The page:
The processing I/O bottleneck the industry has been wrestling with is about to encounter a bottleneck of its own in the form of a power struggle between Advanced Micro Devices Inc. and Intel Corp.
AMD and patrons of its high-speed HyperTransport I/O interface this week formed a consortium to advance the standard in a wide range of applications, from PCs and handheld devices to networking systems and consumer electronics.
AMD said more than 180 companies are now working on possible HyperTransport interfaces for their products.
Intel, meanwhile, is advancing a rival interface, Next Generation I/O (NGIO), which will get a bandwagon send-off at the Intel Developer Forum at the end of August.
While Intel and AMD manufacture the vast majority of processors used in PC applications, others are promoting interfaces of their own, like the PowerPC camp headed by IBM and Motorola, which is stumping for its Rapid I/O. Also in the race are a fast I/O from chipset maker ServerWorks and the V-Link from Via Technologies.
OEMs will be hard pressed to avoid being drawn into the new high-speed I/O war. Some have already cast their lot with AMD's HyperTransport. Others, like Cisco, a member of both the HyperTransport consortium and the loosely organized Rapid I/O alliance, are spreading their bets.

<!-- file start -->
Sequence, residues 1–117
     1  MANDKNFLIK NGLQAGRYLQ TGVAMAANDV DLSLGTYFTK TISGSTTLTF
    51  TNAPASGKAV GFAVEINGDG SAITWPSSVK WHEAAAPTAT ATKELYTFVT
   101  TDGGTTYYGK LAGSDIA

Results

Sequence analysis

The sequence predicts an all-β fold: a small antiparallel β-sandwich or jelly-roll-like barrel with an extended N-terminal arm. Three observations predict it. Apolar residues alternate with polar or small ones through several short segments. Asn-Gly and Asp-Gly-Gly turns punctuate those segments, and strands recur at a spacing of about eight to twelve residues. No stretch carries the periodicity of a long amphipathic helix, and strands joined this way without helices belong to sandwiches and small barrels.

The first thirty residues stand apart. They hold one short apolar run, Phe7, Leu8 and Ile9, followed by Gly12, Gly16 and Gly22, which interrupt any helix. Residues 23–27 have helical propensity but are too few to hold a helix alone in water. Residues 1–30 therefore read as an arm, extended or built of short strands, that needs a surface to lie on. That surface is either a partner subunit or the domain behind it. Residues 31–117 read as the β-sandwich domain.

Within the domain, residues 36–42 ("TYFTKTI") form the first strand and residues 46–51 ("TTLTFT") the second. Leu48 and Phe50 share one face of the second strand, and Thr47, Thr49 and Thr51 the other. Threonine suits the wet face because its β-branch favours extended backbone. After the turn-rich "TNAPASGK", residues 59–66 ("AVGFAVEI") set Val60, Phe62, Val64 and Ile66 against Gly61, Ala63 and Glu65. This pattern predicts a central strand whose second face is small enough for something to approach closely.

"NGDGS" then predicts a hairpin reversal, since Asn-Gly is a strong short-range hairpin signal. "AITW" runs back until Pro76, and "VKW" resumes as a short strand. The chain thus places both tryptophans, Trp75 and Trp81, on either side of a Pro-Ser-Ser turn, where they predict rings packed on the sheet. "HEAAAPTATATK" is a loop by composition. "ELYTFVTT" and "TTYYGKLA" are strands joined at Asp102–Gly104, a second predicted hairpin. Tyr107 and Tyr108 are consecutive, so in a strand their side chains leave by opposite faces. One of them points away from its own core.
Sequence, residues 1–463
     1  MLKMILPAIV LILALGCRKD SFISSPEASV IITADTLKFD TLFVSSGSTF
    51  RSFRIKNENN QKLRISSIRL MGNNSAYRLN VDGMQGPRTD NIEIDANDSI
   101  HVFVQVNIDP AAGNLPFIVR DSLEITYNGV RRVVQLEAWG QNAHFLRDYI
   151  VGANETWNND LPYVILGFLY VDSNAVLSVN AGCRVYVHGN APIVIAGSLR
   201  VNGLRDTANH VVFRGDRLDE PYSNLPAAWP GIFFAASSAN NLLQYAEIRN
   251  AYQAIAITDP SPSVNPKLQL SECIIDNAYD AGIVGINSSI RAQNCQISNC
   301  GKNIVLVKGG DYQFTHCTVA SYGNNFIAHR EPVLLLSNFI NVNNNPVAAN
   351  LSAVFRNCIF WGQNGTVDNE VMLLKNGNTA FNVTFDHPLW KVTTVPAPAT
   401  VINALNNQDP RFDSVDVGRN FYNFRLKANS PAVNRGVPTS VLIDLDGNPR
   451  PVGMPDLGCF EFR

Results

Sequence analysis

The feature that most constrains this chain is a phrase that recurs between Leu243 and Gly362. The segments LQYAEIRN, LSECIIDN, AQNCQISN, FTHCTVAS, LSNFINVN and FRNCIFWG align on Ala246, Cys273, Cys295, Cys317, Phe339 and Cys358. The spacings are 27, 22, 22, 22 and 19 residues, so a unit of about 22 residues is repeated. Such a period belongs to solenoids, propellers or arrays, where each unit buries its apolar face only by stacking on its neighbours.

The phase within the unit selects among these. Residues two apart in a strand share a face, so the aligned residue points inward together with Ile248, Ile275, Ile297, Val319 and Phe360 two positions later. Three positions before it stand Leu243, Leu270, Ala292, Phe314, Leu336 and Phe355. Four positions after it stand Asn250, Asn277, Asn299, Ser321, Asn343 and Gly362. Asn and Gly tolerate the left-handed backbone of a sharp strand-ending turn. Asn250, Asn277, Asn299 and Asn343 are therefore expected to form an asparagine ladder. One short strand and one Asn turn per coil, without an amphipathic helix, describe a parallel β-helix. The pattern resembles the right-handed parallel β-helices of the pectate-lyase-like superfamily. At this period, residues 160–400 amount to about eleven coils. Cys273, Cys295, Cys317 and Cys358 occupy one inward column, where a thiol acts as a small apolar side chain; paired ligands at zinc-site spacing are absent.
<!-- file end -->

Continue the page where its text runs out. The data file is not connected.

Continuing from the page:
It's a high-stakes issue because as MPU performance skyrockets, painful bottlenecks are cropping up in a range of platforms that need to push high-speed data off the processor and around the system, said Bert McComas, an analyst at InQuest Research, Gilbert, Ariz.
Richard Doherty, an analyst at The Envisioneering Group, Seaford, N.Y., said the creation of the HyperTransport consortium "definitely heats things up" and places new pressure on Intel to bring its NGIO interface to market quickly.
Intel, Santa Clara, Calif., has powerful ammunition in this area, not least because of its ability to co-opt its massive Wintel-centric OEM customer base to adopt the NGIO as it links it to its IA-32 and IA-64 processor architectures.
The coming months will likely see a replay of the struggle in which Intel fought to make USB a de facto I/O standard, and the company's latest campaign to establish USB 2.0 against the IEEE 1394 standard, said Nathan Brookwood, an analyst at InSight64, Saratoga, Calif.
Intel is also trying to buttress its NGIO arsenal by sounding out an alliance with the less-prominent Rapid I/O camp, according to industry sources at the Platform 2001 Conference in San Jose last week. Neither IBM, Intel, nor Motorola responded to inquiries by press time.
One theater that could become particularly heated is 64-bit processors, where an advanced-I/O battle is expected to erupt between AMD and Intel. AMD, Sunnyvale, Calif., is using HyperTransport technology not only in its 64-bit Hammer family, but also as a high-speed interconnect between chips as part of a switched-fabric processor bus. Intel is using its proprietary IA-64 architecture, adding InfiniBand as a high-speed interconnect between clusters of 64-bit computers.
In the end, however, some of the competing I/O interfaces may end up coexisting, much as PCI, SCSI, Ethernet, and Fibre Channel have. Indeed, these interfaces are undergoing rapid upgrades of their own, which is likely to further complicate the I/O picture.
Additional reporting by Bruce Gain